If there’s no signal at the main entrance to Emerald Bay, no other road improvements can be pursued there, Caltrans officials said Wednesday.
The statement came a week after the Laguna Beach City Council rejected a left-turn traffic signal proposed by the gated community intended to make exiting its main gate at North Coast Highway and Shamrock Road safer. The council, however, agreed to other traffic-reducing plans for the intersection included in the proposal.
“We’re not going to say that the project’s off,” said Tracey Lavelle, Caltrans public information officer, “but what the city approved cannot go forward.” James Pinheiro, deputy district director of operations and maintenance, said earlier that it’s a complete package that cannot be split.
Even though the City Council preliminarily approved road improvements proposed by the Emerald Bay Community Assn. by endorsing a coastal development permit for the project, council members unanimously nixed the proposed left-turn signal included in the $3 million package.
“The project should be looked at as a whole,” Pinheiro said in a Caltrans letter issued April 25 approving the installation of the left-turn light at North Coast Highway and Shamrock Road. “To only implement the geometrical modifications [street improvements] without the traffic signal will not reduce the delay for motorists turning left into and out of Shamrock. This will not accomplish the purpose of the improvement.”
Susan Thomas, past president of the Emerald Bay Community Association, echoed that sentiment in an email on Monday. “Important and needed safety improvements cannot proceed without the half signal,” she said.
A contingent of opponents voiced their objections to the signal in person, via hundreds of emails and in phone calls in recent weeks to council members, claiming it’s a convenience issue for a privileged few and not a safety issue for thousands of motorists, as presented by the community’s governing board.
“Caltrans has stated several times in writing that the accident history of the intersection does not warrant a signal,” said 30-year Emerald Bay resident Patty Collisson, who opposes the signal. Caltrans based its approval not on safety, Collisson claimed, but on conditions relating to left turns in and out of the 537-home gated community. “That’s for convenience,” said Collisson. “They’re called designer signals, like Cher tried to get at her intersection in Malibu.”
City Manager John Pietig said Wednesday that the statement from Caltrans means revamping the proposal. “What I have not heard yet is that Caltrans is not willing to look at some other project to improve safety without a signal,” he said.
Several of the proposed road improvements are not within Caltrans’ right-of-way jurisdiction along North Coast Highway, Pietig stated, specifically the proposal to move the guard house farther off the highway as well as more expedient gate-entry policies, such as issuing transponders and entry cards.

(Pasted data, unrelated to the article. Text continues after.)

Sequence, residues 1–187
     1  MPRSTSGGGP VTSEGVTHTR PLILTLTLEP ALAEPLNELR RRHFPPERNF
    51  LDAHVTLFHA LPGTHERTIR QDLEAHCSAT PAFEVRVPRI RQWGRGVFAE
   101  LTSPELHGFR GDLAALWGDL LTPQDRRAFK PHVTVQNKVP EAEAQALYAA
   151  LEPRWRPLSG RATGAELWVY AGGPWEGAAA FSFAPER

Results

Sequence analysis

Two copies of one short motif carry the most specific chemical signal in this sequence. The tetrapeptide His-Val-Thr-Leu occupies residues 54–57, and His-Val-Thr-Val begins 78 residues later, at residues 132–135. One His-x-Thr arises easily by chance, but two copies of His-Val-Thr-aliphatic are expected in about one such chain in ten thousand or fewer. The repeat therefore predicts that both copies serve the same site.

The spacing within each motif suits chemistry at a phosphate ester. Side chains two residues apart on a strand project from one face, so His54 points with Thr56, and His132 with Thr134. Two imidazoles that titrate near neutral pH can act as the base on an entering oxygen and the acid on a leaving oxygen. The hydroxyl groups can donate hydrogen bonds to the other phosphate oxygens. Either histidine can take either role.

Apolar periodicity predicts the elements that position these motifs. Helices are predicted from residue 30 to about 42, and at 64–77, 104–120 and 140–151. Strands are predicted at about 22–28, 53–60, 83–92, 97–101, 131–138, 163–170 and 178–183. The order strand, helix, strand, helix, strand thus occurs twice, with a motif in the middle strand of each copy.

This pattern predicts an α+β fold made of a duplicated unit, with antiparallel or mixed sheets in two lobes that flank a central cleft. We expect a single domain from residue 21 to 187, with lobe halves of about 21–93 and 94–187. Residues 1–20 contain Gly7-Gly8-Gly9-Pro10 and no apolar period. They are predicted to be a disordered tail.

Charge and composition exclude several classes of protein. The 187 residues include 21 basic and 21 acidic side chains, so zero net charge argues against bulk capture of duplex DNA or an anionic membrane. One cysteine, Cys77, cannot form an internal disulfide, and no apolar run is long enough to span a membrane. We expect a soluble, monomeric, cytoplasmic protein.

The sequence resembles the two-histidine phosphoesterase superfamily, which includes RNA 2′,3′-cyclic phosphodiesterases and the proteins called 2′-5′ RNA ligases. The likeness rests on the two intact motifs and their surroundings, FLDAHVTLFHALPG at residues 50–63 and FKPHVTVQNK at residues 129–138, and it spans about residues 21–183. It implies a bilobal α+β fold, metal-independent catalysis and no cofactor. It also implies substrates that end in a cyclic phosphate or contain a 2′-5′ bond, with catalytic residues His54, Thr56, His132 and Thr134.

Pietig said submitting a revamped proposal to Caltrans omitting the traffic signal is the next logical step. “We need to work with Caltrans and Emerald Bay to come up with a package that improves safety without a signal. That has not been vetted,” he said.
Councilmember Kelly Boyd, who made the motion last week to hold off on the signal and approve wider street access into and out of the private beach community, said the objection by Caltrans officials to street improvements sans signal will need to be discussed by the council.
The council unanimously nixed the signal because the number of cars going into and out of Emerald Bay there did not warrant stopping the northbound flow. Opponents said the signal was for the benefit of a few Emerald Bay residents at the inconvenience of city drivers. “They’ve got five other gates they can use,” Collisson pointed out.
“Making the improvements minus the signal would help the traffic flow and would help get the contractors’ trucks lined up each morning off of PCH,” she continued. “These vehicles lining up each day are the problem and responsibility of Emerald Bay and Emerald Bay should take care of this problem.”
Because traffic statistics at that intersection do not require Caltrans to install the signal, the Emerald Bay association is prepared to underwrite the $3-million project, with the signal costing up to $400,000.
The public discussion at the council meeting revealed lingering animosity between city dwellers and residents of Emerald Bay, an unincorporated private community.
In last month’s letter from Caltrans, Pinheiro also stipulated that Laguna Beach must approve a coastal development permit for the changes at Emerald Bay’s main entrance to proceed.
Proposed improvements without the signal would push the main gate farther back from Coast Highway, increase the length of turning lanes and add additional entry and exit lanes.